chapter  9
14 Pages


The most central, recurrent tension in mathematics teaching is between the presumed conflicting goals of ‘understanding’ and teaching for understanding on the one hand, and fluency or automaticity of performance (and teaching for that) on the other. There are also entrenched views about which has to come first in a teaching context, or indeed whether they may be developed relatively independently of one another. Geoffrey Howson (1982, p. 21) summarises the views of sixteenth-century mathematics teacher Robert Recorde: “Understanding is vital therefore, but mastery of a technique may well precede understanding.” What are ‘rote’ methods (somehow always connected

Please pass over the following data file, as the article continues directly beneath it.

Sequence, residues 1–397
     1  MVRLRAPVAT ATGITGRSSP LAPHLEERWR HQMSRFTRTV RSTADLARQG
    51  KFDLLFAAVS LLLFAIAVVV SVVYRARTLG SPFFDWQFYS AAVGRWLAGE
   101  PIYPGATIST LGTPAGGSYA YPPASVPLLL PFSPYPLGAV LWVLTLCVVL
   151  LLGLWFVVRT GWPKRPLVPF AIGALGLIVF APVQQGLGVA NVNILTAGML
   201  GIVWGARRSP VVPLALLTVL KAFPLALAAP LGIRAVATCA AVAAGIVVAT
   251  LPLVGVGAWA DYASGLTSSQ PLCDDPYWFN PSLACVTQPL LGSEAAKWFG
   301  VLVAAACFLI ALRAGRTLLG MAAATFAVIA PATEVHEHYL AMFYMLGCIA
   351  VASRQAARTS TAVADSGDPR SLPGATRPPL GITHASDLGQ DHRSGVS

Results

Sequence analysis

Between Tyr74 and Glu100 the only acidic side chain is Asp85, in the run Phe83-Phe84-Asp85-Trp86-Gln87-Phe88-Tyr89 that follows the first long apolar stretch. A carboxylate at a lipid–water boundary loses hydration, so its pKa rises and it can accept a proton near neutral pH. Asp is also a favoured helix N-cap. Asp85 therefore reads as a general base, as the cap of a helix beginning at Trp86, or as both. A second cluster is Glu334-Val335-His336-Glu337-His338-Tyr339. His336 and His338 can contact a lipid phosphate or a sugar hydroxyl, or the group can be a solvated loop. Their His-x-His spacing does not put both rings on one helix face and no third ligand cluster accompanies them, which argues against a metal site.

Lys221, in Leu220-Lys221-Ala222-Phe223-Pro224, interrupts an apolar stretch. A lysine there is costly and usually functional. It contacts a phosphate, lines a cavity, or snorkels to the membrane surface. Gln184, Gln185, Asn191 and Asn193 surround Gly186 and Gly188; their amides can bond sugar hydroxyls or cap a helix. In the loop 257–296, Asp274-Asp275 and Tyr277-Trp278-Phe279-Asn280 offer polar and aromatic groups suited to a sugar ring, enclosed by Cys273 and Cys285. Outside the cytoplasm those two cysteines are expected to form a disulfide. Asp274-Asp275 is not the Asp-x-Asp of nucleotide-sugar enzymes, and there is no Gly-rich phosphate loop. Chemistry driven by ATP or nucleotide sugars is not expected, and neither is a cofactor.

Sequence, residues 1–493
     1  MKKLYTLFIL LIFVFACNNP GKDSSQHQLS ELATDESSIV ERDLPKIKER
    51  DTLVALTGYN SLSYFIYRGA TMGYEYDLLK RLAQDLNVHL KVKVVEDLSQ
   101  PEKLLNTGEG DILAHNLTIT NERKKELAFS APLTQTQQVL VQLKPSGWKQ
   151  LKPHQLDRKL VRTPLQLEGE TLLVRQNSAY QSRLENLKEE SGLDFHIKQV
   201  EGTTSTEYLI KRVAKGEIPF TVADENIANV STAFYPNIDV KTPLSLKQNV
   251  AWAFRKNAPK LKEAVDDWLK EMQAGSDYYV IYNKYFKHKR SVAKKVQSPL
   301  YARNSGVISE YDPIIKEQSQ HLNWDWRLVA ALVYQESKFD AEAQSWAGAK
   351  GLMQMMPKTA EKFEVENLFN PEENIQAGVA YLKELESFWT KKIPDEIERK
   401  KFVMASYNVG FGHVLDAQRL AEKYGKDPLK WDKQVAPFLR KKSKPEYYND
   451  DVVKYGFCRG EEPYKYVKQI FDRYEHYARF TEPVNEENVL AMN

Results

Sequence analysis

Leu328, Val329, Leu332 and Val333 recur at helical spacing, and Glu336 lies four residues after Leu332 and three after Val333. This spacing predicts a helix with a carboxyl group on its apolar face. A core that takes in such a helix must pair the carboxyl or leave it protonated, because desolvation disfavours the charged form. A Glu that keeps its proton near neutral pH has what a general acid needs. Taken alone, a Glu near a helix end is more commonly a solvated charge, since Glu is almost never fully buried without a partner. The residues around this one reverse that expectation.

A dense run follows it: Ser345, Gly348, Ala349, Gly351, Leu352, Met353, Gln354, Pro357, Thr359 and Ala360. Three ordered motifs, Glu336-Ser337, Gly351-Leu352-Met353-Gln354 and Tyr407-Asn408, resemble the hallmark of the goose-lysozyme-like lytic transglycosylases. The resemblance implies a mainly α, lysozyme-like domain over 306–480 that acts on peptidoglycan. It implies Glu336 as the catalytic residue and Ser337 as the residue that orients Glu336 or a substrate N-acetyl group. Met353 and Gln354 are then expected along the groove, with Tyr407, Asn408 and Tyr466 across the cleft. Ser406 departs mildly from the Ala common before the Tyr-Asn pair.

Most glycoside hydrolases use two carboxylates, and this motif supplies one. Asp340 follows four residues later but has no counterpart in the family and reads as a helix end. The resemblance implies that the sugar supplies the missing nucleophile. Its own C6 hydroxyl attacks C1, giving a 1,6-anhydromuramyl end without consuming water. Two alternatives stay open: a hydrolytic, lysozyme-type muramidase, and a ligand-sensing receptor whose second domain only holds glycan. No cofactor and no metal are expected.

with ‘memory’) and why are they always to be shunned? Can you be too fluent, can you have too much understanding? Can an

excess of one actually detract from the other? Understanding in mathematics is automatically assumed to be a universal good, and the more the better. Yet it is recognised in other arenas that too much understanding can inhibit action, as the complexity perceived can inhibit decisions. And to be too understanding can prevent suitable boundaries from being maintained.